If you have a choice, working with the metal panels and parts from a single body manufacture and model year is much easier. Working with the metal panels from the same body manufacture and year (such as Wilson, Beaudett(e), Fisher etc.) is the next easiest choice, although the panels may have been stretched a little differently due to wear and tear over the years. Working with metal body panels from several different body companies that supplied Ford is more difficult-- as the panels were sometimes originally produced slightly different from the other company’s panels. And working with panels from different companies and different years makes it more difficult. I.e. the part looks like it fits but then later on you find out that you missed that it was a different year and that it isn’t quite right. For example you could put a 1921-1925 rear seat tub on a 1914 touring. It actually will fit and function well. But the body molding, top support bracket, curve over the rear fender, seat frames, arm rest style, three section rather than five section rear tub, are a few of the things that would be noticeable as incorrect for a 1914. And it takes just as much effort to install the correct 1914 panels as the wrong late 1921-1925 touring rear tub panels. Finally, it appears that the patch panels and replacement panels that are available were constructed using panels from one of the several body manufactures as a guide. If you happen to have the body made by that body manufacture, the reproduction panels tend to fit more easily (often still need some minor work). But if you have one of the other body manufactures, the panels will require more work to have them fit properly.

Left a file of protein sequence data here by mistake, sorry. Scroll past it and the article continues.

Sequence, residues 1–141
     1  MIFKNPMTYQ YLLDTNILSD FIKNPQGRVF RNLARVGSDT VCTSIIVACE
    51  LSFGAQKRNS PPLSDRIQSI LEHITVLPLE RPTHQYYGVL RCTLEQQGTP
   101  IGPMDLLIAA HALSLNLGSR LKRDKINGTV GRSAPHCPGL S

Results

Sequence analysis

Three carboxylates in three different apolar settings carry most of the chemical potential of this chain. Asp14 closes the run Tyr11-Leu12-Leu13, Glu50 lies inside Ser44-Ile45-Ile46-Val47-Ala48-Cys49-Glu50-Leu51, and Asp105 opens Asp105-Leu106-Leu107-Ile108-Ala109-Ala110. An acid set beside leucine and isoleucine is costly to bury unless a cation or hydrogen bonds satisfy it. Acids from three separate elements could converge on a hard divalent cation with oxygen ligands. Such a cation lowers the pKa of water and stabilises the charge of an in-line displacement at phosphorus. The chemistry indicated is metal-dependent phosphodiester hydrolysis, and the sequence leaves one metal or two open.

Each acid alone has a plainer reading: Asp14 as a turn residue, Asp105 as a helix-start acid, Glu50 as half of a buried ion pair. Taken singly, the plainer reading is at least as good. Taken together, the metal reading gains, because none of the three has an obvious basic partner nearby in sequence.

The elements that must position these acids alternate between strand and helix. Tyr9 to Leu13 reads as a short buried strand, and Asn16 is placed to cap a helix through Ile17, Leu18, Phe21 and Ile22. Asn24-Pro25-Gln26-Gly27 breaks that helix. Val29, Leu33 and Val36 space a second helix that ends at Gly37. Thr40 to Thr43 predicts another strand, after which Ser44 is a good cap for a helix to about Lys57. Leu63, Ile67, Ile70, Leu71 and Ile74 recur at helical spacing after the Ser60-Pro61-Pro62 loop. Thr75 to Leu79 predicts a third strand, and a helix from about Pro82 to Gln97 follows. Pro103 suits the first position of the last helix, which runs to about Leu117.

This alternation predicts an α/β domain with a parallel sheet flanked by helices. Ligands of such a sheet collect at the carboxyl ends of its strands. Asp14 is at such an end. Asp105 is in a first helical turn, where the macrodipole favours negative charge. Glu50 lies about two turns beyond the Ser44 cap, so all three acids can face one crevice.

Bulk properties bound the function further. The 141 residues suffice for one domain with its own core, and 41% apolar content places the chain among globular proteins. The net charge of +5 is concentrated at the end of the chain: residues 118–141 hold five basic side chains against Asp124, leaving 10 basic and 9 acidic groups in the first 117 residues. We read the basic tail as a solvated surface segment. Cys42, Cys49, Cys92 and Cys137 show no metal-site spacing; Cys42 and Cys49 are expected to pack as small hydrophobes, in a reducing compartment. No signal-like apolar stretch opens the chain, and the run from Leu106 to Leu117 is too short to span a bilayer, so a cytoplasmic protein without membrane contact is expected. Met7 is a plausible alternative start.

Again welcome to the forum. I would also encourage you to check out the local Model T Ford club(s) near you. See: http://www.mtfca.com/clubpages/chapters.htm and http://www.modelt.org/index.php?option=com_content&view=article&id=5&Itemid=15 They can be a real source of encouragement and help you as you learn to maintain the car. Steve Jelf has an excellent set of books he recommends for new owners on his web site at: http://dauntlessgeezer.com/ with the T section at: http://dauntlessgeezer.com/DG52.html and the recommended books listed at: http://dauntlessgeezer.com/DG80.html Note there are also free “how to books” on the internet such – see: http://books.google.com/books?id=uKVAAQAAMAAJ&printsec=frontcover&dq=editions:xR56bbT2W68C&hl=en&sa=X&ei=tdpWVMi4PMOjgwSAhoC4Ag&ved=0CBcQ6AEwAA#v=onepage&q&f=false and there are others – but I didn’t see a 1926-27 one. And the Ford Service is online at: http://mtfci2002.readyhosting.com/manuals/Model_T_Service_Manual/mtsm.html and does include the 1926 -27 “Improved car” features.